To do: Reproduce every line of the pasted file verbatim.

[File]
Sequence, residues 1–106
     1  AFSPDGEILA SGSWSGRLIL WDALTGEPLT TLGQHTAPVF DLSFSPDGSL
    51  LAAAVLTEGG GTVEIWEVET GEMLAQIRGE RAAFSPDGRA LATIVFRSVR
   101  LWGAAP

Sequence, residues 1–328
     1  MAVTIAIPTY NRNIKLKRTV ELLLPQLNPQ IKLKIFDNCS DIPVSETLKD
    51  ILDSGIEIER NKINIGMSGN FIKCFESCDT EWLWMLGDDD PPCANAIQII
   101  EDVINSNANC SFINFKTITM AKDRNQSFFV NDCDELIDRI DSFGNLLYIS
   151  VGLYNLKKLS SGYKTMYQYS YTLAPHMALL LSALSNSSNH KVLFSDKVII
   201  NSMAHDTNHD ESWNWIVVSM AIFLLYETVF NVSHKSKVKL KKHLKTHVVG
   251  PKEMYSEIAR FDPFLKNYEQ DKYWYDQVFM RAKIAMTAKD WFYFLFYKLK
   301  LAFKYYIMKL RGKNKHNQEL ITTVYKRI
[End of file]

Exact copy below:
Sequence, residues 1–106
     1  AFSPDGEILA SGSWSGRLIL WDALTGEPLT TLGQHTAPVF DLSFSPDGSL
    51  LAAAVLTEGG GTVEIWEVET GEMLAQIRGE RAAFSPDGRA LATIVFRSVR
   101  LWGAAP

Sequence, residues 1–328
     1  MAVTIAIPTY NRNIKLKRTV ELLLPQLNPQ IKLKIFDNCS DIPVSETLKD
    51  ILDSGIEIER NKINIGMSGN FIKCFESCDT EWLWMLGDDD PPCANAIQII
   101  EDVINSNANC SFINFKTITM AKDRNQSFFV NDCDELIDRI DSFGNLLYIS
   151  VGLYNLKKLS SGYKTMYQYS YTLAPHMALL LSALSNSSNH KVLFSDKVII
   201  NSMAHDTNHD ESWNWIVVSM AIFLLYETVF NVSHKSKVKL KKHLKTHVVG
   251  PKEMYSEIAR FDPFLKNYEQ DKYWYDQVFM RAKIAMTAKD WFYFLFYKLK
   301  LAFKYYIMKL RGKNKHNQEL ITTVYKRI